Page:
The legal status of a marriage is determined by the legal regime of the country where it was solemnised or concluded.
There are reasons for this, chief among them being that a marriage is in essence an agreement between at least two consenting parties, where reciprocal obligations arise.
Jurisdiction in respect of contractual disputes is mainly (not exclusively however) founded where the contract was concluded.
Furthermore, it is flawed to apply legal rules to determine marriage consequences whereas such marriage was never concluded under those rules in the first place.
It is one thing for foreign nationals wishing to conclude their marriage in the Republic of South Africa according to its laws, being the Marriage Act 25 of 1961 or the Civil Union Act 17 of 2006.
Such marriages must comply with the requirements as provided in the pieces of legislation as aforementioned being:
It is another matter however, to request the South African state and its institutions to recognise a marriage solemnised outside the Republic between two foreign nationals as valid.
For all intents and purposes, different countries have policy and legal considerations applicable to the recognition of marriages solemnised outside their territorial jurisdictions.
Therefore, it’s important that a married couple determine whether their marriage is recognised in their new place of habitation.
For foreign parties married under the Civil Union Act in South Africa, the marriage will need to be validly registered in their country of domicile with proof of this provided for it to be recognised as a foreign marriage.
In terms of patrimonial consequences however, the Matrimonial Property Act 88 of 1984, does not apply to foreign marriages concluded in South Africa. This legislation regulates marital property systems in South Africa.
In a transaction where immovable property is mortgaged, sold or purchased by a person within a foreign registered marriage, the other spouse’s involvement is required in terms of executing the documents of such transaction.
The Title Deeds must also note that the marriage is governed by such foreign country’s laws.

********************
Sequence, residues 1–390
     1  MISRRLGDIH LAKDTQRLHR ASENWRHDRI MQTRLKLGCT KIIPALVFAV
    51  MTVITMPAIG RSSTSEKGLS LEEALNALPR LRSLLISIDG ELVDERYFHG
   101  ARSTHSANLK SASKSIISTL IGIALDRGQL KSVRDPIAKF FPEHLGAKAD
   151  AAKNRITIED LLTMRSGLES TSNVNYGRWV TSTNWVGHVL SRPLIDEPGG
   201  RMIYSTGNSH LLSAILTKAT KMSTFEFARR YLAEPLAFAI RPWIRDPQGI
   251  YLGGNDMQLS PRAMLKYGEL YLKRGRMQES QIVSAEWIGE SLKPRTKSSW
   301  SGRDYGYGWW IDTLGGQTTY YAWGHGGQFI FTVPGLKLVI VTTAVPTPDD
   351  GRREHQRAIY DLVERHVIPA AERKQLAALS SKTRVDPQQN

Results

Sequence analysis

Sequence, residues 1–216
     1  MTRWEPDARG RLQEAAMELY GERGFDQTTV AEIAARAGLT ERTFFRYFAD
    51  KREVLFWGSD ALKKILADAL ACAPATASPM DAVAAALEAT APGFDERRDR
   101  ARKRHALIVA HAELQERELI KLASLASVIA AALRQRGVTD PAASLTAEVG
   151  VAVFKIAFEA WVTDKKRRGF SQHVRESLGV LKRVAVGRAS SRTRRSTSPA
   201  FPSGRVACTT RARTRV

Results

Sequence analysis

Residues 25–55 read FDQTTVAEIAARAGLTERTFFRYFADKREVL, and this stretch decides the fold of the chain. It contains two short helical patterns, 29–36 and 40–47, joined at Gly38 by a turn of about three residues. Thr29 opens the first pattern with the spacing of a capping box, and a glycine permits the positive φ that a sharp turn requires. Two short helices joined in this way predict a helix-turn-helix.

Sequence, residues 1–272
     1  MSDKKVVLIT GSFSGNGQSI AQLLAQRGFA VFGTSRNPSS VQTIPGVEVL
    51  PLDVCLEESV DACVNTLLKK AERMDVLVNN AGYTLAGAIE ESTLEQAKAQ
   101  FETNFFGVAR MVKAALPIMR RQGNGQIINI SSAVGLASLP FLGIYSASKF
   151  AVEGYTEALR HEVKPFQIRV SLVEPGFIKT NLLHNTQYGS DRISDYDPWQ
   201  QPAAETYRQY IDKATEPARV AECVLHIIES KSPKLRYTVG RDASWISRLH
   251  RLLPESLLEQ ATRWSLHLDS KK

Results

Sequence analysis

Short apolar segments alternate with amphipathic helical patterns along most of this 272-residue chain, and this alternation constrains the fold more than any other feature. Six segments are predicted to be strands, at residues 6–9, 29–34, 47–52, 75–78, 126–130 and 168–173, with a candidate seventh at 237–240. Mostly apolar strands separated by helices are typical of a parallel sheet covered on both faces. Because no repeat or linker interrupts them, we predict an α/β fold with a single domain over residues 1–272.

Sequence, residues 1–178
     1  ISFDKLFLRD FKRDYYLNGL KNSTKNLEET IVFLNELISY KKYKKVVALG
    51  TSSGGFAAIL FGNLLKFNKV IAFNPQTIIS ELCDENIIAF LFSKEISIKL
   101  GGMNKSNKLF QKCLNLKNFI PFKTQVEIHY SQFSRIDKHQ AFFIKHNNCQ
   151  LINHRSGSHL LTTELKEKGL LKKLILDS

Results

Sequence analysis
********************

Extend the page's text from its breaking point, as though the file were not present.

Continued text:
Where a foreign marriage is concluded outside the parties’ domicile, the husband’s domicile at the time of the conclusion of the marriage prevails. This was the view of the Court in Frankel′s Estate and Another v The Master and Another (1950) ALL SA 347 A, where it was held that,
“The conclusion at which I arrive is that the matrimonial regime is governed by the law of the husband’s domicile at the time of the marriage, and that it is not governed by the law of another domicile which he then intends to acquire immediately or within a reasonable time after his marriage.”
The same principles were confirmed further in the case of Esterhuizen v Esterhuizen 1999 (1) SA 492 C, whereby a couple entered into a marriage out of community of property in Mauritius but settled in South Africa soon thereafter.
The Plaintiff then claimed half of some assets upon dissolution of the marriage. The claim did not succeed because of peculiar circumstances in this case but chiefly upon the Court’s determination with regards to the prevailing domicile of the husband to determine the prevailing matrimonial property system.
Added to this, the Hague Convention of 1978 provides that parties to a marriage where one or both is neither domiciled thereat may designate as to “the law of the state to which either spouse is a national at the time of designation, or the law of the state to which either spouse has habitual residence at the time of designation, or the law of the first state where one of the spouses established a new habitual residence after marriage.”
Contact our attorneys in Johannesburg and Cape Town before tying the knot in foreign lands or if you need to understand the legal consequences of the intended marriage.
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